Baby Food Contains More Lead Than Regular Food, Study Finds

Keeping your baby safe and feeding your baby healthy food is at the top of parents’ priority list so it’s especially disturbing to learn baby food is more likely to contain lead than regular food.

A new study released by the Environmental Defense Fund (EDF) found 20% of baby food samples contained detectable lead levels as compared to regular food samples that showed only 14%. The EDF analyzed data from 2,164 baby food samples submitted from 2003 through 2013 as part of the Food and Drug Administration’s (FDA) Total Diet Study. The study examines food for nutrients, pesticides and metals.

Researchers found detectable lead levels in 52 of the 57 different types of baby food analyzed. The baby food most affected by lead included root vegetables, cookies and crackers, and fruit juices. Root vegetables such as sweet potatoes and carrots had the highest lead levels found in 65% of samples, followed by cookies and crackers with 47%, and fruit juices including grape, apple, pear and mixed fruit juices, found in 29% of the food samples. Only 4% of baby food cereals contained lead.

Food manufacturers have no answer for the source of the lead contamination although educated guesses include lead from the soil in which the food is grown, packaging, processing equipment, or the water supply used in making baby food.

Although lead in baby food is obviously concerning, “lead paint is still the number 1 source of exposure in this country by a wide margin,” according to Dr. Phil Landrigan from Mount Sinai School of Medicine. Water is the second biggest source of lead contamination with food coming in third.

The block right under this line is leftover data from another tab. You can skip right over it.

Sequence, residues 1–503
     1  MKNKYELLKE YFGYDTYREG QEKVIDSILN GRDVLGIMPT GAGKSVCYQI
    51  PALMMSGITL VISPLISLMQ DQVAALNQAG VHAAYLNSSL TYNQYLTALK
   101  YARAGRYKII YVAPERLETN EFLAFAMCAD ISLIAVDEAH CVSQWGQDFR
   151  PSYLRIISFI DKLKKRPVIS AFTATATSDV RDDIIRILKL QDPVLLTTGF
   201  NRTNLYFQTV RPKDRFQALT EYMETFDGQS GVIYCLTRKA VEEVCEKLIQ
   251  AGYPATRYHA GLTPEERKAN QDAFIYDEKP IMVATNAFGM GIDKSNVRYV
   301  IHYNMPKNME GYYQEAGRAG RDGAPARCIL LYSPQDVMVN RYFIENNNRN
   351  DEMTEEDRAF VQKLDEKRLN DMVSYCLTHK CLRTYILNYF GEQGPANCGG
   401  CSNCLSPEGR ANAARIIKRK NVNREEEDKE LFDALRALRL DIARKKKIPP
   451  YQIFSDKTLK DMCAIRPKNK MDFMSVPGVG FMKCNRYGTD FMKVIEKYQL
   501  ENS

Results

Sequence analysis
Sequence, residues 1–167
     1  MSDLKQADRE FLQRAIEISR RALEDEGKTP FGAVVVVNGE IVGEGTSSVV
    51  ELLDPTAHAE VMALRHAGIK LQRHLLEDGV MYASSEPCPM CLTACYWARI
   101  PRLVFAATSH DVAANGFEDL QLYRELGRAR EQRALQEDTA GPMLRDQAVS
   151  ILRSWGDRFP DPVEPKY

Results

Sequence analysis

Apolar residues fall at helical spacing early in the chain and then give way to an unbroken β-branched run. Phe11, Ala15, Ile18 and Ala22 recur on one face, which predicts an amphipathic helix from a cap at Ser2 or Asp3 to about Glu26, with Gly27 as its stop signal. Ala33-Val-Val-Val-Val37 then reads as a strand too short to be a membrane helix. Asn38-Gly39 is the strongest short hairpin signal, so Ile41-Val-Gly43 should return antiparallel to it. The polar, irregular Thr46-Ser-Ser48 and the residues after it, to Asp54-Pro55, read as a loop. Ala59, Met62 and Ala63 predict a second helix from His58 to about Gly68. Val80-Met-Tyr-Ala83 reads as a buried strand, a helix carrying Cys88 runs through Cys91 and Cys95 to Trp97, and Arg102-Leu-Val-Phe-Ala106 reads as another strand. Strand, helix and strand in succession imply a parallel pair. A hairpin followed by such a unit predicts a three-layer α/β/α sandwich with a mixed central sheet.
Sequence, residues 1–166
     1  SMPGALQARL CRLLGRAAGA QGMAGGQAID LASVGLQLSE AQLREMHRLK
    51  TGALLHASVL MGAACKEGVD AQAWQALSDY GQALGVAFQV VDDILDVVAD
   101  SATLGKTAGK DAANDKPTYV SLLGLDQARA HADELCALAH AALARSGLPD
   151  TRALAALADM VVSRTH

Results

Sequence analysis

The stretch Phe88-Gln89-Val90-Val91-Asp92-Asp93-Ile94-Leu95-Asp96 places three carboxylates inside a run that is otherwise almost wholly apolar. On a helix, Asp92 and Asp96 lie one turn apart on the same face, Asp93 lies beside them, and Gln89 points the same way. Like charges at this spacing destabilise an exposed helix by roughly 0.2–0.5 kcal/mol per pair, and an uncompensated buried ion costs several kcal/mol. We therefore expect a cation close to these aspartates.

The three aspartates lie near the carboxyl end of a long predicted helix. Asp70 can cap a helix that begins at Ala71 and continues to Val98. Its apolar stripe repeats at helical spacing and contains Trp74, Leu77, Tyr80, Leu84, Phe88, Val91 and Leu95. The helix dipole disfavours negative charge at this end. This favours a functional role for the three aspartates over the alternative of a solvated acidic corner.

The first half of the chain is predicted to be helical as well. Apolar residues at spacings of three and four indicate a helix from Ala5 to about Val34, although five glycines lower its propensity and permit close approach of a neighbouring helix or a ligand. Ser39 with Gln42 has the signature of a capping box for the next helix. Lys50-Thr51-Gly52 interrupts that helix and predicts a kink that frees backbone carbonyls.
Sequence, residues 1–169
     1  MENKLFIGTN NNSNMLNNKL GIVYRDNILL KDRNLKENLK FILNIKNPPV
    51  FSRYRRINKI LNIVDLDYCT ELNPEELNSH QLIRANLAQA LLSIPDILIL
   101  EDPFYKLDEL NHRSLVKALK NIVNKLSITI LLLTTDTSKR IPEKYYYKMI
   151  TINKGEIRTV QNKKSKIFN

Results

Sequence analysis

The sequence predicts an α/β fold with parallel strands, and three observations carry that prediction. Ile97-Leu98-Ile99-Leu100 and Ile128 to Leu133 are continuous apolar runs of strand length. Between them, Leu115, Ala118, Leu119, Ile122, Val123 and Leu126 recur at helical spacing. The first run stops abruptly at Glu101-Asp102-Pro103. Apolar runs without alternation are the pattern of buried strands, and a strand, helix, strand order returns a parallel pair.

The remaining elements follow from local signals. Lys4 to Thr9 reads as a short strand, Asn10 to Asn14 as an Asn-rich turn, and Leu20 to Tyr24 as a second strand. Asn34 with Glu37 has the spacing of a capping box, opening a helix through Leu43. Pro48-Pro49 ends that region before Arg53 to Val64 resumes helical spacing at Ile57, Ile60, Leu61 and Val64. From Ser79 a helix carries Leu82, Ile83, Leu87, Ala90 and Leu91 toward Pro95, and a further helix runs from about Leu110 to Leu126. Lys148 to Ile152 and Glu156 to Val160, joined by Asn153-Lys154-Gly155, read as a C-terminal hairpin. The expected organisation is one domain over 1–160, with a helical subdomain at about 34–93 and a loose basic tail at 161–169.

Regardless of the lead source, everyone agrees there are “no safe levels of lead in blood” as the Centers for Disease Control and Prevention (CDC) notes lead kills developing brain cells and the resulting brain damage is irreversible. Sarah Vogel, vice president for health at the EDF, found the results particularly “concerning” for children younger than 6 years of age whose exposure to lead negatively affects their developing brains and can cause lower IQ’s and behavioral problems.

What’s also concerning is the lead levels found in baby food do not exceed federal standards, which were first laid out in 1993 and have not been updated. Dr. Landrigan explained, “All these lead levels…are within current standards, so the manufacturer has no duty to inform the consumer and FDA is not required to put out any warning.”

So what’s a conscientious parent to do? Study authors do not recommend avoiding all these baby foods, but urge parents to serve more fresh rather than processed foods, contact the FDA about updating food lead level standards, speak with your pediatrician about your concerns, and contact your baby food manufacturer to learn about their food safety standards and lead levels in baby food.